Things Everyone Should Know About Flu Vaccine
Posted on : September 25, 2020 by Clinic One on Flu Vaccines
When is the right time to get a Flu Vaccine?
Although you can get a flu shot during the flu season at any time, the timing of getting it does matter.
The CDC (Centre for Disease Control and Prevention) suggests people in the northern hemisphere get vaccinated between early September and late October.
According to the Nepali calendar, the month lies between Bhadra and Asoj.
The flu virus is around all year, but from September through the spring it spreads more quickly, usually peaking between December and February.
The vaccine usually takes about 2 weeks to develop enough antibodies to protect you against the flu.
Over time, protection fades, so being vaccinated before September will make you more sensitive at the end of the flu season.
During late winter to early spring, you can continue receiving the vaccine.
Children between 6 to 35 months need to take two doses 4 weeks apart, so it’s best to start them in early September.
What are the things to consider before getting a Flu Shot?
Some people should consult with their health care provider before getting a flu shot.
If you have any of the conditions below, talk to your health care provider. He or she will help you decide whether the vaccination is right for you.
- If you are currently sick or unwell, it is best if you wait until you’re better.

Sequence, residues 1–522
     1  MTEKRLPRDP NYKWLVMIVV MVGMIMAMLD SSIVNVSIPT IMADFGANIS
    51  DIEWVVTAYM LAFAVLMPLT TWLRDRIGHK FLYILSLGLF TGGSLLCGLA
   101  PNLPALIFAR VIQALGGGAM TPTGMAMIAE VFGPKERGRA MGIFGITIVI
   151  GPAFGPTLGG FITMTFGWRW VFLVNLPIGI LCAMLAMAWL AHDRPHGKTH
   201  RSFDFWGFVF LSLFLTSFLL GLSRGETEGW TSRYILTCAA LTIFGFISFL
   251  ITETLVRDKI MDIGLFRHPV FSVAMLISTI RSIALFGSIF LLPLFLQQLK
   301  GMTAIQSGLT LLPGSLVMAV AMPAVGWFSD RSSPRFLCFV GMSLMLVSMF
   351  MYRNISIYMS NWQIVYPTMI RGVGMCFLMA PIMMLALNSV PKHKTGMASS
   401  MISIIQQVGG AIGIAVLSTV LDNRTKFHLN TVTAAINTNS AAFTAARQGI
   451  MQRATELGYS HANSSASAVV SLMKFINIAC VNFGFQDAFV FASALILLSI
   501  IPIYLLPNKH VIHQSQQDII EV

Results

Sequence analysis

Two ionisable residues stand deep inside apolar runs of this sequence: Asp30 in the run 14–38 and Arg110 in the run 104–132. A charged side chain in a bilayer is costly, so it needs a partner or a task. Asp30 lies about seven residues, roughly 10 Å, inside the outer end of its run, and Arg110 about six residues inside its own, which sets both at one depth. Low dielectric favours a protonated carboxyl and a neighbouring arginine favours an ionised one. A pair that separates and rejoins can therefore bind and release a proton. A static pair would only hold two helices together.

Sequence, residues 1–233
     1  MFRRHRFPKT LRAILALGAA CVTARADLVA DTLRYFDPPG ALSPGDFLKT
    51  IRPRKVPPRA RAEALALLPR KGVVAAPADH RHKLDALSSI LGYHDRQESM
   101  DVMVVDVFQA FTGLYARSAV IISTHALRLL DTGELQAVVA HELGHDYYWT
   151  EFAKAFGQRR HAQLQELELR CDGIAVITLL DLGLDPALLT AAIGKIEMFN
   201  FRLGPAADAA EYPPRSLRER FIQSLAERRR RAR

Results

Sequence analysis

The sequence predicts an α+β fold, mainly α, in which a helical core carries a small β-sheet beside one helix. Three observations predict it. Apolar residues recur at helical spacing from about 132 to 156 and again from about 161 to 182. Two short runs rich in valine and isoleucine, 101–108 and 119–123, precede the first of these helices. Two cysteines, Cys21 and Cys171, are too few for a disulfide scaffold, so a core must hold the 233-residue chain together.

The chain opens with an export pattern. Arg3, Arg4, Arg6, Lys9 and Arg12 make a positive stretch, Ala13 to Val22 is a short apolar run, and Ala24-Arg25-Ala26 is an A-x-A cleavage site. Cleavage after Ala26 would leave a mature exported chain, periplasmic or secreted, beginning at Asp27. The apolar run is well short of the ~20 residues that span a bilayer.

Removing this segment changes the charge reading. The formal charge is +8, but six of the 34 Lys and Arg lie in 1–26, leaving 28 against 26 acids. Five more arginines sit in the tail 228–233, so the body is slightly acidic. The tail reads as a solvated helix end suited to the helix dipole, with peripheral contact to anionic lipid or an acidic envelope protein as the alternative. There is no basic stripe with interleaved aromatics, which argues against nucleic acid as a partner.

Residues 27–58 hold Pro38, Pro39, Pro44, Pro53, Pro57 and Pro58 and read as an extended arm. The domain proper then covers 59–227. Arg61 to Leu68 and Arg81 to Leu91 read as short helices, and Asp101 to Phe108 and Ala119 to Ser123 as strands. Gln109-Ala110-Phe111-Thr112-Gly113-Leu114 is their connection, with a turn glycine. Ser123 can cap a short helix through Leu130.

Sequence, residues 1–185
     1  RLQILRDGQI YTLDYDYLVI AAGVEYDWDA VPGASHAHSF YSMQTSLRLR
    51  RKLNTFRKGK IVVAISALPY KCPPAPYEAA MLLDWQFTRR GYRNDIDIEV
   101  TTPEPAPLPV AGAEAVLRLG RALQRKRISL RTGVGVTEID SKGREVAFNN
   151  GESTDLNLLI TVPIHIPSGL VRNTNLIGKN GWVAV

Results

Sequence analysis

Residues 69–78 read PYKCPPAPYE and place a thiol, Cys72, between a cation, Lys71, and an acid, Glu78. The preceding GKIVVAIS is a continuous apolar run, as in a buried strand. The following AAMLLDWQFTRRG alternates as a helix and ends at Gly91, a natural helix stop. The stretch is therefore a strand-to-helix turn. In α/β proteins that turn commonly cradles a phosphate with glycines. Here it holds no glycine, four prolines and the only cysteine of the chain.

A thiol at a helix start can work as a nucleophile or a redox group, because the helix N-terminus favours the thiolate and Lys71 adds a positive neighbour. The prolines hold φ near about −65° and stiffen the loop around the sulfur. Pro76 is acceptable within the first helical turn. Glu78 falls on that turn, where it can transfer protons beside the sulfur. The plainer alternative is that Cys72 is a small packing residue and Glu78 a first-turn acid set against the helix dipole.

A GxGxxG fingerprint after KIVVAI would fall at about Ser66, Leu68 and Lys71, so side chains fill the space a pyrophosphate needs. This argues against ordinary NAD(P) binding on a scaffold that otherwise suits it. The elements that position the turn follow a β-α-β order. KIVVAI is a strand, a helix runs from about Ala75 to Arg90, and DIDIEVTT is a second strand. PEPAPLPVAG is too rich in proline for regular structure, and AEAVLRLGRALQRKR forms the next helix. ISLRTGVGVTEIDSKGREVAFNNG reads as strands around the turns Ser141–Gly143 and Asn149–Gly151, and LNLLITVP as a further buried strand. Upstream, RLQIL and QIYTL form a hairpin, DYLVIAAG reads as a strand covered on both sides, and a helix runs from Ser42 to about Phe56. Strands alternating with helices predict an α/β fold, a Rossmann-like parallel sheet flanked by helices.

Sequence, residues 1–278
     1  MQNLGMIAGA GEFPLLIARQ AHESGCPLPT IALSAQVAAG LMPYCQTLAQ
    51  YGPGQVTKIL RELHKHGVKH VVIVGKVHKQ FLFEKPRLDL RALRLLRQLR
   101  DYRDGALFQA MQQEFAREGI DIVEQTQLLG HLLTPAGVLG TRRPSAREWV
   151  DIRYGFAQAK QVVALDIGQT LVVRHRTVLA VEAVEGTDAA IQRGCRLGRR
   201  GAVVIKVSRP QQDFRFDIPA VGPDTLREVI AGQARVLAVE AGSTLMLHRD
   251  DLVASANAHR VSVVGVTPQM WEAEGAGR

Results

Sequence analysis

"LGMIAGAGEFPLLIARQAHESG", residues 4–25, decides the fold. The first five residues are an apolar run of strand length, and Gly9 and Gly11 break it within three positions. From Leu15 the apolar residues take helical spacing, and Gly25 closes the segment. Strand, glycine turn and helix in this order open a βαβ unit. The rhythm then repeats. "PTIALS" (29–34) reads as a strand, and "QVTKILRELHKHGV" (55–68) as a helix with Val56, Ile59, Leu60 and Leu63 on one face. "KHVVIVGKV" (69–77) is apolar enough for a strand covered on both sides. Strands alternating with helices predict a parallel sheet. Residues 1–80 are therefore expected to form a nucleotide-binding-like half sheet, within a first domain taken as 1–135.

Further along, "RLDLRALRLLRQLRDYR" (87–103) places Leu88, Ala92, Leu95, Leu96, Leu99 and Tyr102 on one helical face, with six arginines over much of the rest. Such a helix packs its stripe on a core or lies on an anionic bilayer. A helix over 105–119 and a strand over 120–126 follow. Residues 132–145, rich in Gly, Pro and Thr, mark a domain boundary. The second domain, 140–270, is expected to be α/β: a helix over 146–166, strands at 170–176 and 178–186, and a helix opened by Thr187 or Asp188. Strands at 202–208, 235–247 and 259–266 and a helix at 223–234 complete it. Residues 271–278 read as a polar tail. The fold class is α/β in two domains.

- Children who are under the age of 6 months are too young to get a flu shot.
- If you have any allergy to eggs or other ingredients that is present in the vaccine.
- People with a Guillain-Barré Syndrome a severe paralyzing illness, also called GBS should not get a flu vaccine. Consult your doctor about your GBS history.
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Why is the Flu Vaccine important?
Flu season starts from fall to early spring, in a typical year. In today’s scenario getting a flu vaccine is more important and vital.
Some importance of the flu vaccine is mentioned below:
- The flu vaccination will prevent you from being sick with the flu.
- Flu vaccination can reduce the risk of hospitalization associated with flu for children, adults of working age, and older adults.
- In some studies, the flu vaccine has been shown to decrease influenza symptoms in individuals who get vaccinated but still get sick.
- Getting vaccinated not only saves you but also the people around you.